Rabbit First Aid Kit

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Rabbits in general are pretty low maintenance, healthy animals, but you never know when an emergency or illness will strike.  As a responsible animal owner, you want to be prepared to treat minor issues and illnesses.  If you have all the items you need at hand, in one convenient location, you can get your rabbit on the road to recovery as fast as possible.

Please note these items will not replace the care of a qualified veterinarian.  If your bunny has a large open wound or has not eaten or pooped in 12-24 hours you should see a vet immediately!  Other symptoms that warrant an immediate call to the vet: blue or pale gums, labored open mouth breathing, losing consciousness, excessive diarrhea, seizures, or if you know your rabbit has eaten something poisonous.

So what should you have on hand to care for your furry friend?

Phone number for your local veterinarian

In case of emergencies or even just for advice.  It’s also a good idea to have the number of an emergency vet or animal hospital you can call during non business hours

Non latex gloves and/or hand sanitizer

For you, to prevent the spread of germs between you & your bunny

Gauze Pads, Cotton Balls, Q-tips, & tweezers

For cleaning & bandaging wounds and cleaning ears/eyes

Vetrap Bandages & scissors

Vetrap is self sticking bandages perfect for treating animals. Keep some small scissors with them to cut the bandages

Vetericyn

Vetericyn is an anti bacterial spray, used to clean wounds and treat infections.  Vetericyn is safe for almost all animals so it is a really handy product to have on hand for any animal owner.

Antibiotic Ointment

Find one without pain relief, which can be too much for a tiny rabbit, to use on minor wounds

Nail Clippers

Carefully trim your bunny’s toenails regularly so she doesn’t scratch herself or rip a nail

Styptic Powder or Cornstarch

If you trim your rabbit’s nails too short, they will bleed.  Dip the toenail in Styptic Powder (found at most pet stores) or cornstarch to stop the bleeding.  Styptic powder should only be used on bleeding nails – do not apply to wounds on the skin

10 cc/ml Oral Syringes

for administering medicine or food/water if your bunny won’t eat

Baby Food

When your rabbit won’t eat, baby food is easy to feed with a syringe to help keep her strength up.  Look for organic pumpkin or squash with no additives or preservatives.  You will want to dilute it with water so it is runny.  Use the syringe to VERY slowly put some food into the side of her mouth, giving her time to chew and swallow

Critical Care

A rabbit friendly alternative to baby food is Oxbow Critical Care (get the one made for herbivores).  It’s a feed made especially to help your rabbit recover from surgery or illness.  You can use a spoon or syringe to slowly feed your bunny if they are reluctant to eat it.

Probios

A probiotic supplement that supports the digestive system. For when your rabbit’s appetite is decreasing, has an upset tummy, or is experiencing stress this can help restore digestive balance.  Follow the instructions on the back of the container, but generally for rabbits, you will mix 1/2 tsp in the rabbit’s water daily for a few days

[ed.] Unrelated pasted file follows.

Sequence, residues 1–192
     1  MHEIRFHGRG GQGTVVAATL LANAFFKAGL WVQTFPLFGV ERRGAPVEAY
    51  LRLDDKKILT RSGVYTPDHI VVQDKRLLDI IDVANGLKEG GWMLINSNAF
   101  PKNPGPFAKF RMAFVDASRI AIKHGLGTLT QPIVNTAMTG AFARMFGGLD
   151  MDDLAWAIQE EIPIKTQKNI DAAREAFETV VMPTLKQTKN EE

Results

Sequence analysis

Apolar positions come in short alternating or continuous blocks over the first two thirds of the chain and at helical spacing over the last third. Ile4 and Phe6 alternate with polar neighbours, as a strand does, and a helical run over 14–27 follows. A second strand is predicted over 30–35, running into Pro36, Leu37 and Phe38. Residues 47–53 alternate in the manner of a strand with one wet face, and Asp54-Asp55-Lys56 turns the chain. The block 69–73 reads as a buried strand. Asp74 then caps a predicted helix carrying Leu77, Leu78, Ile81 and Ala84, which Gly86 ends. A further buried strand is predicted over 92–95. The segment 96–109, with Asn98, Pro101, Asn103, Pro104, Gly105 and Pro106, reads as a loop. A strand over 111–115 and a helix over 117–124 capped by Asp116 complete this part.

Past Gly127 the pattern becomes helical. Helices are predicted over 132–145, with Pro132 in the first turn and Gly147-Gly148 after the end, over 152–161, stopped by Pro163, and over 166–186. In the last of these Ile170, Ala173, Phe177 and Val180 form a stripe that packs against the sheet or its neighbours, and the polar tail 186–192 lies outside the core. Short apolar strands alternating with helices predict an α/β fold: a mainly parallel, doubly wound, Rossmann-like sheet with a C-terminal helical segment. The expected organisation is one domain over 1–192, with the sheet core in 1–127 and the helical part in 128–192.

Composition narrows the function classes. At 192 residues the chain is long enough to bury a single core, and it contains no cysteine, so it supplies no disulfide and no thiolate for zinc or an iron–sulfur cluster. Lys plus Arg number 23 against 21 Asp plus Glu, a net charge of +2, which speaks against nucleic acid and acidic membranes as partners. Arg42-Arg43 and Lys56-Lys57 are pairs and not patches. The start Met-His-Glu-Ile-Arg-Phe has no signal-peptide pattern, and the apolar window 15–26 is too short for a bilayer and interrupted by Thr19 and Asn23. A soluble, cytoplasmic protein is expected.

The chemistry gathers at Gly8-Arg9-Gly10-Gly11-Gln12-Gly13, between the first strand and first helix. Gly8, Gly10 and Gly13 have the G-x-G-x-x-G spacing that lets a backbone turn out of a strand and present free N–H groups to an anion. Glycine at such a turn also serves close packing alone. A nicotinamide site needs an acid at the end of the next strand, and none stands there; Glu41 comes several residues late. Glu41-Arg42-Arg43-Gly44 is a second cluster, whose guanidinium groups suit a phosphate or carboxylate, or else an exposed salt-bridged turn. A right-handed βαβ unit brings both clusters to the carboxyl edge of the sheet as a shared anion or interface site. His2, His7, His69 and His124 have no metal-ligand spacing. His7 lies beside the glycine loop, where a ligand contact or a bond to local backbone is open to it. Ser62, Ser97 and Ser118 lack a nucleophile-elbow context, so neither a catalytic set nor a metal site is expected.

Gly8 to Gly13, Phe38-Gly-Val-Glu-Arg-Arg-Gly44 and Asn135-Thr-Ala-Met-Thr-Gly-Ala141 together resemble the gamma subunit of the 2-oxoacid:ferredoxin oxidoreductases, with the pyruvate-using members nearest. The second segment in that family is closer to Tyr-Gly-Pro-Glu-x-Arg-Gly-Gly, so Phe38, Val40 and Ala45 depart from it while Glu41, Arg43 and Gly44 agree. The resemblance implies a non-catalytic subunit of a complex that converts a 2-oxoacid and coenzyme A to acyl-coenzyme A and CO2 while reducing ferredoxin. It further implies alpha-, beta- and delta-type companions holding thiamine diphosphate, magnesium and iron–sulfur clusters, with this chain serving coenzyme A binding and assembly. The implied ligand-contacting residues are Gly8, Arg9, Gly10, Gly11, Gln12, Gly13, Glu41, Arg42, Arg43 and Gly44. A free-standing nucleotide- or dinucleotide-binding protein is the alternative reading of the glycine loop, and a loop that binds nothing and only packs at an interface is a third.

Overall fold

Preparation H

get some without pain relief, to reduce swelling from occasional cases of sore hocks

Mineral Oil

For treating ear mites, use a cotton swab dipped in mineral oil to gently clean the ear (do NOT insert the swab into ear canal)

Saline

to gently wash eye area with a sterile gauze pad

Small LED Flashlight

use a small flashlight to examine eyes, nose & ears

Infant Gas Medication

relieves minor gas issues.  If you rabbit is refusing food, she could have painful gas building up.  Rabbits can not burp or vomit so if their digestive system slows or gets blocked, gas can build up.  Use your syringe to give your bunny 1 cc of drops every hour for about 3 hours

Papaya Tablets

helps hairballs move along the GI tract – give your bunny a tablet or two, once a week to keep hairballs from forming

Stethoscope 

To listen to your bunny’s digestive system and monitor them for GI Stasis (click here to read more).  Normal heart rate has a wide range of 130-325 beats per minute, so don’t be alarmed!

Instant Cold Packs

for helping to lower body temperature in a rabbit that is overheating

Heating Pads

for warming up a bunny that has mild hypothermia, don’t use directly on bunny, place pad under a towel.  Use a low setting, so you don’t burn her sensitive skin

Digital Rectal Thermometer & Petroleum Jelly

Lubricate the thermometer before inserting.  Normal body temperature should be between 101-103 degrees Fahrenheit, but the rectal reading should be 103-104 degrees.  You can have your vet show you how to properly take a rabbit’s temperature


2 comments

  1. Anna says:

    Hi! I love this article and it’s super helpful. One thing I noticed that is really vital is that you mention a normal rectal temperature reading is between 103F-104F. It may be helpful to clarify (especially for new rabbit owners) that 104F is not within normal range but is considered slightly elevated and can be due to stress such as a trip to the vet’s office or the discomfort of a health problem and that anything below 101F is considered low. If I were a new rabbit owner I might read the range you listed and think that if my rabbit had a 101-102F temperature that it was low, when in fact it’s still within the normal range. 🙂

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